Fed up; how weight loss led to a new life

November 20, 2019 | by Edward-Elmhurst Health
Categories: Healthy Driven Heroes

In August 2016, Eric Suarez had reached a point where his weight was seriously interfering with everyday life.

He weighed 565 pounds. Then, he developed cellulitis in his leg.

His primary care physician recommended he schedule an appointment with Dr. Omar Shamsi, a bariatric and obesity medicine specialist with Endeavor Health® Weight Management.

“I had been heavy my whole life,” Suarez says. “I had lost 100 pounds three or four times in my life, but I always gained it back. I was getting fed up.”

At his appointment with Dr. Shamsi, Suarez agreed to work with a dietitian to lose weight by adjusting his diet.

“Dr. Shamsi was awesome. It was so comfortable. I felt like he really cared.”

It wasn’t easy to drop the pounds by changing his diet, Suarez says, but he stuck with it.

“Losing weight with diet was difficult. You have an addiction to food,” Suarez says. “It’s almost like giving up a drug. So that was tough.”

“Addiction is a psychological condition, where someone has a hard time breaking that habit. For Eric, it was food,” Dr. Shamsi says. “Food was his go-to when he was stressed, happy, bored or for many other reasons. It’s important to understand surgery on your stomach may not fix what’s happening in the brain.

“Part of our program includes a psychologist, who helps us with these kind of issues. ‘Addiction change’ is another real psychological issue, where addiction to food may change to gambling, drugs, alcohol or sex. This is why we take addiction to food very seriously,” Dr. Shamsi says.

Then Suarez started to talk to Dr. Shamsi about surgery. He met with bariatric surgeons Dr. Mark Choh and Dr. Ryan Headley, and, after two weeks of a liquid diet, had a vertical sleeve gastrectomy in August 2017, about a year after his initial appointment.

During this procedure, the surgeon removes about 85 percent of the stomach so that it takes the shape of a tube or sleeve, limiting the amount of food you can eat.

Good candidates for bariatric surgery meet several criteria. First, their Body Mass Index (BMI) is greater than or equal to 40; or greater than 35 with obesity-related medical conditions.

Second, they must be willing to commit to a completely different lifestyle.

Candidates must understand that obesity is a chronic, lifelong condition, and surgery is only a part of the treatment pathway. Being successful requires education and readdressing how you approach eating, nutrition and meal planning.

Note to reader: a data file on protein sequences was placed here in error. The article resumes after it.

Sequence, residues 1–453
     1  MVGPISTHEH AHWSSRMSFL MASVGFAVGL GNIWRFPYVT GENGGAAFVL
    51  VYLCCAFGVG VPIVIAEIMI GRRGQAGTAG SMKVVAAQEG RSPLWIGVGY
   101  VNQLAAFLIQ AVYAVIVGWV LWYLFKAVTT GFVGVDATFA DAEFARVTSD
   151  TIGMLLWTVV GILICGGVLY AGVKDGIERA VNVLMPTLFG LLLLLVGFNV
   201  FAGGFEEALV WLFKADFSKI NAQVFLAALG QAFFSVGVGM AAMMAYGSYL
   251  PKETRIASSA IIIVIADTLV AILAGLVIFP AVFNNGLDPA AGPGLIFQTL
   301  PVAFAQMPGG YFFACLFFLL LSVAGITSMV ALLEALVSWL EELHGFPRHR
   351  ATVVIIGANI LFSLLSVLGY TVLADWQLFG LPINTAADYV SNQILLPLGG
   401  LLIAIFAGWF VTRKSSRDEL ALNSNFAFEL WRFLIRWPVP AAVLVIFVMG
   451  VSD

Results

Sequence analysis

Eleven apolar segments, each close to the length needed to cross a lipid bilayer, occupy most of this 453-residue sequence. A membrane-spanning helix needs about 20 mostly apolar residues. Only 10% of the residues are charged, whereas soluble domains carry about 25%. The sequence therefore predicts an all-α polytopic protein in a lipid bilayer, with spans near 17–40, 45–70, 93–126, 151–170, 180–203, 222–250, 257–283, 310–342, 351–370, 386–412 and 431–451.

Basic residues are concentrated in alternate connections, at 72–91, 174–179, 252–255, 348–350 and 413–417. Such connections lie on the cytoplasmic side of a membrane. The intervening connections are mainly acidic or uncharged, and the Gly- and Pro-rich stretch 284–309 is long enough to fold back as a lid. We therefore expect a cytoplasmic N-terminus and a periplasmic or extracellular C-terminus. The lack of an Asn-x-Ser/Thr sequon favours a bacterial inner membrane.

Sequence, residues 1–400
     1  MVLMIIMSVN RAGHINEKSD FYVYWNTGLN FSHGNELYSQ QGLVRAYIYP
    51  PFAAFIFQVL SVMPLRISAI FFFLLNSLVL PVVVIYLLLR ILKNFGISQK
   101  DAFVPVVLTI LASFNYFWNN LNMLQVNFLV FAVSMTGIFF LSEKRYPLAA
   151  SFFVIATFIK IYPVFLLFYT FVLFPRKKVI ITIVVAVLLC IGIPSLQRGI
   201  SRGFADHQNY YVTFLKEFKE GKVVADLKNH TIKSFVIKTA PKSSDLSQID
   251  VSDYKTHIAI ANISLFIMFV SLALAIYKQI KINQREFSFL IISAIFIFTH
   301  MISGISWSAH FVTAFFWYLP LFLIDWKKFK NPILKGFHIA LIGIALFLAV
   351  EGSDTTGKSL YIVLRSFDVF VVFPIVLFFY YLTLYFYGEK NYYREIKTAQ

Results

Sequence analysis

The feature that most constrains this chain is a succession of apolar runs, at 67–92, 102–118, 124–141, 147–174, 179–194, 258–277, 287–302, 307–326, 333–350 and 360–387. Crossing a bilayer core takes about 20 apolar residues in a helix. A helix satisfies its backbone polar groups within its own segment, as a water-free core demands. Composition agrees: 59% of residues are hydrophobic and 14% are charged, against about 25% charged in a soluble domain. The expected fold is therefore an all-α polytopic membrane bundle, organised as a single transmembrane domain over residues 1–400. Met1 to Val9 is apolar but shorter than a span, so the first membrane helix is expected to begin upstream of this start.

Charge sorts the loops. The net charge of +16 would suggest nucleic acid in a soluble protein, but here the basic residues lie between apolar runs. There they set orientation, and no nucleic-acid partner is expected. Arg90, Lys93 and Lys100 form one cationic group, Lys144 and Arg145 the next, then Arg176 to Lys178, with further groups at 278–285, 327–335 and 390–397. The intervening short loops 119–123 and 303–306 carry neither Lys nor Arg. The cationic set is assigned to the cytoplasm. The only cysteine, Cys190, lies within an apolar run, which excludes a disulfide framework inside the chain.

Recovery was tough, and a lifestyle adjustment, but worth it, Suarez says.

“You learn about your body, what it wants, what it doesn’t want. What you can digest,” Suarez says. “It’s not easy, but it’s worth it. I tell people who are nervous about surgery that I would do this once a year if it meant I could feel the way I feel now.”

The staff at Endeavor Health Weight Management left no question unanswered. Suarez said he was fully prepared for recovery from surgery and the adjustment to a new lifestyle.

“They give you a book with every question you could possibly think of. What to eat, when to eat it,” Suarez says, adding that he was on a strict liquid diet for about two months after surgery.

“Eight weeks out, you could have an egg,” Suarez says. “That was like a whole meal. One scrambled egg. A guy who goes from eating two double cheeseburgers and a beef goes to one egg.”

Now Suarez works out every morning with a personal trainer, lifting weights. On weekends he plays basketball, softball and soccer.

“I’ve always enjoyed sports, but it was difficult for me to play a whole game before,” Suarez says. “Now I can actually play and play the whole game. It makes me so happy to be able to do that.”

He reached his goal weight, and then dropped even more pounds. When he hit 235 pounds, Dr. Shamsi said he should weigh about 255 for his height (6’ 3”) and muscle mass. He packed on more muscle through his workouts and is now preparing for skin removal surgery early next year.

“The hardest part is the mental adjustment. You change as a person. Everything revolved around food before, and now it doesn’t,” Suarez says. “But I would do it again in a heartbeat.”

There has been another, positive side effect to Suarez’s weight loss journey: his success has motivated his family and friends to live healthier.

“My brothers are now in the gym and eating better. My brother’s kid is going to the gym. It’s not only you that changes, everyone around you gets inspired,” Suarez says.

“I am very proud of Eric’s success. He shows commitment by coming for regularly scheduled appointments. He has also helped change the dynamics of health in his own house. He is a great role model for his family and community,” Dr. Shamsi says.

Endeavor Health® Weight Management at Edward-Elmhurst Health offers both surgical and non-surgical options to help you achieve permanent weight loss and the healthy, active life you were meant to live.


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